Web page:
One of the most impactful and rewarding ways to serve any community, but particularly my community in Rochester NY, is to mentor a youth. I myself am a mentor in the Mentoring Children of Prisoners Program (a program of Compeer Rochester), which is a federally funded mentoring initiative for youth who have a parent or guardian who is incarcerated.
Through this program I was matched with Tyler, a 5 year old boy with behavioral and emotional challenges due to the instability of having an incarcerated parent and the stigma that comes with it. Having worked with Tyler for over a year and a half now, I can attest to the progress I have seen him make in his trust of others, social skills and also his sense of self-worth.
When I first met Tyler he was ornery and combative and not trusting of strangers. He used inappropriate language and was being kicked out of his daycare facility. Having experienced a lot of trauma early on, Tyler's "misbehaving" is largely a defense mechanism response, he is overly independent and "tests the limits" of any adults he encounters to see how far he can push.
Though it was a struggle at first, (try getting a physically combative 60 lb. 5 yr. old in a car seat by yourself), Tyler eventually warmed up as he began to realize that no matter what he did, I was not going to stop seeing him. As soon as that trust was established, it seemed like a whole new world opened up for me and Tyler. I could see him taking cues from me on how to behave in public, how to be courteous and the power of positivity to get what you want rather than just expecting or demanding it.
I even saw a shift in how he viewed himself. Being a very bright child he had overheard a lot of what was being said about him and his behavior and had begun to internalize those bad things, to the point where he was asking any uniformed official he encountered to “take him to jail because he is a bad boy.” Hearing this I made a conscious effort to compliment Tyler and praise him when he did what was expected of him, and also tell him that getting kicked out was not because he was bad, but because he had made bad choices, choices he could change. I began to see a different understanding in Tyler; he stopped saying a lot of the self-deprecating things he once did and had a much more pleasant demeanor when I was with him. I could see him carrying himself differently as well.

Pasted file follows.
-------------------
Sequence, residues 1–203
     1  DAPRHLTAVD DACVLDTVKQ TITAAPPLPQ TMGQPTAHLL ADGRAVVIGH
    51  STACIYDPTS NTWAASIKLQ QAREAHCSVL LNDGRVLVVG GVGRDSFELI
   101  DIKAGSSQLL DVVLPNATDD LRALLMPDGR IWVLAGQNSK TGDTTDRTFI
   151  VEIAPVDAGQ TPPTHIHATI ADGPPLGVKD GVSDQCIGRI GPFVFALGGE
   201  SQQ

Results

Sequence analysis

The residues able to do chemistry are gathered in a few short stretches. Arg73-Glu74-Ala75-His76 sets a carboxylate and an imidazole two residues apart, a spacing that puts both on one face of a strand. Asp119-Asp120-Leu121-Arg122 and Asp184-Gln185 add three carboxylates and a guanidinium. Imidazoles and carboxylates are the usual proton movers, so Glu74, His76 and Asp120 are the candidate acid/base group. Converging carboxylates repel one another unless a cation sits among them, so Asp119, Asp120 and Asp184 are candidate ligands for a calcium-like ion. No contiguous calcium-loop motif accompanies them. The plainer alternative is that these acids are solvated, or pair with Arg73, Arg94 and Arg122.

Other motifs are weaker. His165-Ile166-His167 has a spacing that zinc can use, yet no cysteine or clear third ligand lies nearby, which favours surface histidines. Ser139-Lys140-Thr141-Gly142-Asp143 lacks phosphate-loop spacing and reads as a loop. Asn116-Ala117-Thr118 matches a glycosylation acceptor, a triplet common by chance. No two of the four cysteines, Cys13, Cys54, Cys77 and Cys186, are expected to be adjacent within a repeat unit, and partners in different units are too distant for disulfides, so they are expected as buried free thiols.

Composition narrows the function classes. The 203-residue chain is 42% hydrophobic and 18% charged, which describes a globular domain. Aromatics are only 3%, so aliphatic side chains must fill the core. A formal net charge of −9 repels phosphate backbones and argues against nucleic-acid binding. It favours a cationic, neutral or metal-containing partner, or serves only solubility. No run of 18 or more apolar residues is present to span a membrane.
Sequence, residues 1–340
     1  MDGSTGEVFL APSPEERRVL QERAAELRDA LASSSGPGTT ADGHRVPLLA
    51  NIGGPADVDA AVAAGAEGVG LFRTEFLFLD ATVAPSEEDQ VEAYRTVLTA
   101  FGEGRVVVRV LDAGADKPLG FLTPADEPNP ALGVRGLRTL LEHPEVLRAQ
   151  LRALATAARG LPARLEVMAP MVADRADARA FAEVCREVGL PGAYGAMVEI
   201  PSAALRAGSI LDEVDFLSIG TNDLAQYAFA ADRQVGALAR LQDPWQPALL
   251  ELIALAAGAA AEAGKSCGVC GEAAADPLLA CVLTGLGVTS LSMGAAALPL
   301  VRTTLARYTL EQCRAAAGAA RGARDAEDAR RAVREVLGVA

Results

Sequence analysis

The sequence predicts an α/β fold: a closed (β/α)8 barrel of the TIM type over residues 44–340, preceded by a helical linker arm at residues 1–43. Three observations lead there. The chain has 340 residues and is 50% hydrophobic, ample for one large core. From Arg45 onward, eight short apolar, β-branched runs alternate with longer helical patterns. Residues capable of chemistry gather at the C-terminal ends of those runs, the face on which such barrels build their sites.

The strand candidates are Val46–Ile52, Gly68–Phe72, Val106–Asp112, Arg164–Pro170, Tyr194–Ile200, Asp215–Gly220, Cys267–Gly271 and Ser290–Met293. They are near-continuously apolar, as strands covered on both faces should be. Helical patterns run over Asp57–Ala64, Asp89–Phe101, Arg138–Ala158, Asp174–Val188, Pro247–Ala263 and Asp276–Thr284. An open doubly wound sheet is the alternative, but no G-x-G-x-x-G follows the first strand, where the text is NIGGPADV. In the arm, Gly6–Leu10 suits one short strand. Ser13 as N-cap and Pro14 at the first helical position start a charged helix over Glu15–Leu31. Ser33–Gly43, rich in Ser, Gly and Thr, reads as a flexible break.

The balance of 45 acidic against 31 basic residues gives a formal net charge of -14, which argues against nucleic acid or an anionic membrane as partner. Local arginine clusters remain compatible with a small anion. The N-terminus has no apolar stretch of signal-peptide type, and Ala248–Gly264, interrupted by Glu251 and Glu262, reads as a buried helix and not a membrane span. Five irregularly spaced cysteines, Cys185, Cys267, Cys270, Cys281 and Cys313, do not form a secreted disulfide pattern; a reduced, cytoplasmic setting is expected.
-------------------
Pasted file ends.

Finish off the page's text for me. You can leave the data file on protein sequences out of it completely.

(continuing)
Tyler is still progressing today, though he still has to face challenges most would never fathom for a grown adult, much less a pre-schooler, and yet he still is able to enjoy a trip to the zoo, or his favorite, the fire house with all the big fire trucks. He really is a remarkable boy, and as lucky some would say he is to have me in his life, I would say that I truly am the lucky one to be able to know someone like Tyler, who opens my eyes at the same time that he opens my heart. The saying is true, you CAN be the change, become a mentor!
Be like Danielle and become a mentor. Find an opportunity in your community by searching keyword: "mentor" "at-risk youth"